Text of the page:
The argument about the adequacy of minimum incomes is at least 110 years old. In 1903, the Charity Organisation Society was publicly claiming the superfluous generosity of Seebohm Rowntree’s ‘primary poverty measure’ for ‘merely physical efficiency’ which he had composed to show that the wages paid to low-paid workers were insufficient for decent social life as real (not just physical) human beings lived at that time. Nothing has changed. The scientific evidence of the inadequacy both of minimum wages and of the currrent benefit rates is up-to-date and published but the government continues to deny it.

In the 1980s two Tory MPs, Piers Merchant and Matthew Parris each separately tried to live on unemployment benefit for a week in one of the poorest areas of Newcastle and each failed, just as Mr Duncan Smith would fail and for the same reasons. The minimum standards they could not reach and which current low incomes still cannot reach are those set by the UK population, not by politicians. The scientific experts’ contributions to Rowntree as to today’s poverty research have been in ensuring the public’s views of what is needed do cover requirements for good health, not inflating the public’s views of what are the necessities that nobody should be without. Why do these politicians persist in denying the clear evidence?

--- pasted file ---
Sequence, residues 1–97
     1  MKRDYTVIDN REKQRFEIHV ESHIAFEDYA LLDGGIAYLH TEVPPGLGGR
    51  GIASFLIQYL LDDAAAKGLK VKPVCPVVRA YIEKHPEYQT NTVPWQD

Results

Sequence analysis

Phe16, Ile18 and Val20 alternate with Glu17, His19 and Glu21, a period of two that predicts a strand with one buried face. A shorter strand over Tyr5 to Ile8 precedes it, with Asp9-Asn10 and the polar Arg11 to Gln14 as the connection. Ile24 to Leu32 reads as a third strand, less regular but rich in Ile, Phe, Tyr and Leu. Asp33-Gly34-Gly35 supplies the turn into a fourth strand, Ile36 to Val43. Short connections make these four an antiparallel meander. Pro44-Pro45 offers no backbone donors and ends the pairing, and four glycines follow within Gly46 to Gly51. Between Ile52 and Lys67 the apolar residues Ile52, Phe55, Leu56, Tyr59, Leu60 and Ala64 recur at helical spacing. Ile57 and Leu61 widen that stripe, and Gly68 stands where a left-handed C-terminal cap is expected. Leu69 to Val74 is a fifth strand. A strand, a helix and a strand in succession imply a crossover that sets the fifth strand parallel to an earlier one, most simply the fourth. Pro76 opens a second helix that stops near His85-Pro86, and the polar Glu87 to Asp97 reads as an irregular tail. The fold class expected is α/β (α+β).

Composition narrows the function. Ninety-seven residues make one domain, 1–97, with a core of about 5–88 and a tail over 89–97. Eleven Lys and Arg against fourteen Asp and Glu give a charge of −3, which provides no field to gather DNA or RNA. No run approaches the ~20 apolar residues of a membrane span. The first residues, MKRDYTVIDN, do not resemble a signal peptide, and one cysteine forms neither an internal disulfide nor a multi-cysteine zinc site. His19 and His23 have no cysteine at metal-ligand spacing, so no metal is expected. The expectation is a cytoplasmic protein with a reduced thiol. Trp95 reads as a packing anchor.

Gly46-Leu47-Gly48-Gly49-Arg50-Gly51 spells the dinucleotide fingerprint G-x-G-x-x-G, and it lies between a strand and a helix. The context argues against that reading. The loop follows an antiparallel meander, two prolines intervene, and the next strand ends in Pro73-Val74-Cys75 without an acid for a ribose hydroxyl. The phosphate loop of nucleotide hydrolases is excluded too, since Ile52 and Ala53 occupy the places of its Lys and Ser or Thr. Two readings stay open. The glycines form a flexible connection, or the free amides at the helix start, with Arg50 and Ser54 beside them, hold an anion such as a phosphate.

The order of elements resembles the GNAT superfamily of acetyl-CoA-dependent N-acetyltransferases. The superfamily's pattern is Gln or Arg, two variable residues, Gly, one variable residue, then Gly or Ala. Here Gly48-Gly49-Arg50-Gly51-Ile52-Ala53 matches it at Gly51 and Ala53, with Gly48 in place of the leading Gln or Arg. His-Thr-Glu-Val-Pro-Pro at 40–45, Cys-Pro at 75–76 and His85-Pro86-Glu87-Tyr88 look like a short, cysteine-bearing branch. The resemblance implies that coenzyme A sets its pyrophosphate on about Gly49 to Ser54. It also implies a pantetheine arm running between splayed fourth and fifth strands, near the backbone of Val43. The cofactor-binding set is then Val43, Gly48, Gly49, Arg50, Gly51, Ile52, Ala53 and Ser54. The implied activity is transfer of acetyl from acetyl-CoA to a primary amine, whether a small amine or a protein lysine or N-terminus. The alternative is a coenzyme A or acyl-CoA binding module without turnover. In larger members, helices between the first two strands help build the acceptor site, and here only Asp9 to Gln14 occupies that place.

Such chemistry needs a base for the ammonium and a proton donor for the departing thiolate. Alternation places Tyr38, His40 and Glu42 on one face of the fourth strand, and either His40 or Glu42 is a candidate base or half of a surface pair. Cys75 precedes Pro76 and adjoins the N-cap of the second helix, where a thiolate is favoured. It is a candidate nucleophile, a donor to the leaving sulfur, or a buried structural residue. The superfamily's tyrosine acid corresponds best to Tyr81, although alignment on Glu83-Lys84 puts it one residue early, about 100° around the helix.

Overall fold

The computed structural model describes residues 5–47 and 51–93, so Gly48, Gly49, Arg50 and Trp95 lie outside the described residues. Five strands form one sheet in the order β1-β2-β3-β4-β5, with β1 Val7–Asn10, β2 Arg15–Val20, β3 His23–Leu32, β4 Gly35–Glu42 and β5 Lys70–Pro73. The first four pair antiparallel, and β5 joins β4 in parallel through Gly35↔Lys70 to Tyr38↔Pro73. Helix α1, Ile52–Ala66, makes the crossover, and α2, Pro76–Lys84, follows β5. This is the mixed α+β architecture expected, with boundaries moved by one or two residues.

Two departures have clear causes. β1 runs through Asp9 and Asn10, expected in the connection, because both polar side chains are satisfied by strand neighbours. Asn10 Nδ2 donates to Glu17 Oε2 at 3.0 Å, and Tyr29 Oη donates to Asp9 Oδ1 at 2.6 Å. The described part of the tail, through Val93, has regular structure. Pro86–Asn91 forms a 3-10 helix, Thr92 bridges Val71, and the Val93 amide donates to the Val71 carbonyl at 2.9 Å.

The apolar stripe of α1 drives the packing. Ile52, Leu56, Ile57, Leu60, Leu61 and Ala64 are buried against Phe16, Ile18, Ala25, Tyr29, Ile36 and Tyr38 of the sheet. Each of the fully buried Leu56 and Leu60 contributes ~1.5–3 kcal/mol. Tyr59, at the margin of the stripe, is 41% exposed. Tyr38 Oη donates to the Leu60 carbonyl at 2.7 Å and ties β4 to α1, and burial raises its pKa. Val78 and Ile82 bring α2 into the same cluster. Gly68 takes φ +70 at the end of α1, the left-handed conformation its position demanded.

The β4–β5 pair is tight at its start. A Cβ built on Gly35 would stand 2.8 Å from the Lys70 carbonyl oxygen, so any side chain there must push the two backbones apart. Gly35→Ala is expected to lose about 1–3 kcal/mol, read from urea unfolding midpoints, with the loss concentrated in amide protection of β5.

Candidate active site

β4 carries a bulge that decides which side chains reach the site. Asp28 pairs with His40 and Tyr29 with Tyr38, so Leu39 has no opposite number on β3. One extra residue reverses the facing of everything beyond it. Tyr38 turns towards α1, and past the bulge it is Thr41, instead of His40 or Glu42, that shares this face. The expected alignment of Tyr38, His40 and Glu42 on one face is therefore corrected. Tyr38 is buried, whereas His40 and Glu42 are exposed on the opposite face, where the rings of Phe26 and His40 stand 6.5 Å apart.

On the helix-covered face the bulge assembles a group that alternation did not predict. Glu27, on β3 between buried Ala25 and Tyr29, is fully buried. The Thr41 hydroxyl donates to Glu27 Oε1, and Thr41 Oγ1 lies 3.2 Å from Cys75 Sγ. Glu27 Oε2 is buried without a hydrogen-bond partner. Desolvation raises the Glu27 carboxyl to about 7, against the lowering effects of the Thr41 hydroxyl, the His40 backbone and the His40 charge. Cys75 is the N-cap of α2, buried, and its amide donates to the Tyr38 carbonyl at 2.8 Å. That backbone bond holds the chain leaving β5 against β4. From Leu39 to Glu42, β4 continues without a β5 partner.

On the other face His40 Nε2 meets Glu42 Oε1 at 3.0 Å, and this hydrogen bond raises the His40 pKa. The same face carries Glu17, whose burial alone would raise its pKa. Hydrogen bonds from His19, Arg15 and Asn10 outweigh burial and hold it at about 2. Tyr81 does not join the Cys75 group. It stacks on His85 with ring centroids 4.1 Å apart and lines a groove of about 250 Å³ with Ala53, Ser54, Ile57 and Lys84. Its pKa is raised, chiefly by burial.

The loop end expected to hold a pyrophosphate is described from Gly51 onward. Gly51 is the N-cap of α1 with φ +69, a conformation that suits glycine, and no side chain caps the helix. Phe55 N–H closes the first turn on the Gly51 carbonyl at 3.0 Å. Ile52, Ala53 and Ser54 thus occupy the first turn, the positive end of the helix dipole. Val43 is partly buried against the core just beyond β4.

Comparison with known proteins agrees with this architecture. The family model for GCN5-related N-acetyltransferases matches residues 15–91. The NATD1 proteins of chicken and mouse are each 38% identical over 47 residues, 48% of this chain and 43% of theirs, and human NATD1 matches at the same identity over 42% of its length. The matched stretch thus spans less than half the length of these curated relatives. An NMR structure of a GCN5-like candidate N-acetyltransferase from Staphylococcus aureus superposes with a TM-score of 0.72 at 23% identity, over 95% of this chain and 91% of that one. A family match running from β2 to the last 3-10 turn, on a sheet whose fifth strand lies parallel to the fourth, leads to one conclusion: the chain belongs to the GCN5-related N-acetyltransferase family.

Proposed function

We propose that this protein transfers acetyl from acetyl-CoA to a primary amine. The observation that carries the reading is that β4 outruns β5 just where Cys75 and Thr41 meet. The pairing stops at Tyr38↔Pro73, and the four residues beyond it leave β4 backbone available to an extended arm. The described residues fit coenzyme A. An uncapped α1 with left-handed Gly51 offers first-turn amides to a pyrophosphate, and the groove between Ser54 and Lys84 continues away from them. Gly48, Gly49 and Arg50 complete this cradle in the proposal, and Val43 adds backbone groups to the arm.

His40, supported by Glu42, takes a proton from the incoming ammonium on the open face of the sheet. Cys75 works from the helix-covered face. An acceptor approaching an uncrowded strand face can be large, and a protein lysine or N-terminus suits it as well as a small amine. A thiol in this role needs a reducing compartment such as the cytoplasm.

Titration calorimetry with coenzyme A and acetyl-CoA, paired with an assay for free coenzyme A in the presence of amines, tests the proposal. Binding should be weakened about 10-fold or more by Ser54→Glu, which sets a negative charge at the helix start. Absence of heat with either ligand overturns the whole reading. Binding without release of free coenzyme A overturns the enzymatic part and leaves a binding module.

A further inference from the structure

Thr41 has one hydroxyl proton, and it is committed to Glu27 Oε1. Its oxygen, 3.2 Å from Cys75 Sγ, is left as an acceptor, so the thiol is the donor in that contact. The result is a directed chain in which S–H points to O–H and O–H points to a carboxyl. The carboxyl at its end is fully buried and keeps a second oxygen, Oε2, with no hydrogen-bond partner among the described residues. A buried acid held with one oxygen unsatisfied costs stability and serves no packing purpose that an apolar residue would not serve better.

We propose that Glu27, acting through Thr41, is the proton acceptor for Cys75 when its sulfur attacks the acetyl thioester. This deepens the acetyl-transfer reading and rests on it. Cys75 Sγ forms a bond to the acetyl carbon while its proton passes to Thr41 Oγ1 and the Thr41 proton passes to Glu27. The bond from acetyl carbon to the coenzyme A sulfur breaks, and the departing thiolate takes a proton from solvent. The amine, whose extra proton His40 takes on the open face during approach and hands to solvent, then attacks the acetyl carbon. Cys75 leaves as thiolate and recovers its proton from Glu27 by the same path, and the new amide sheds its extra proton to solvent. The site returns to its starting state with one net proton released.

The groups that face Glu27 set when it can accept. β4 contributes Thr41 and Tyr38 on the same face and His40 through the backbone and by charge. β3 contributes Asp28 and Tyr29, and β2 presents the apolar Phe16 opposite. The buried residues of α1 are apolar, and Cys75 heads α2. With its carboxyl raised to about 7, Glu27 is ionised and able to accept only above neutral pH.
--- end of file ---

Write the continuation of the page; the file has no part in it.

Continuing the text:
Clearly the government’s agenda has nothing to do with making work pay, since the simplest way of doing that would be to raise the minimum wage to Minimum Income Standards. If competitiveness is its excuse for not doing so before, it can afford to do so now since the value of sterling is falling and exports are reportedly more competitive. Instead Mr Osborne and Mr Duncan Smith need to be powerfully challenged to show good cause why, if their claims about the economy are correct (which many eminent economists dispute), they are making the poorest people in society carry the heaviest burdens while relieving the richest of theirs. All else is a smokescreen for the government’s culture of greed, welfare for the rich and austerity for the poor.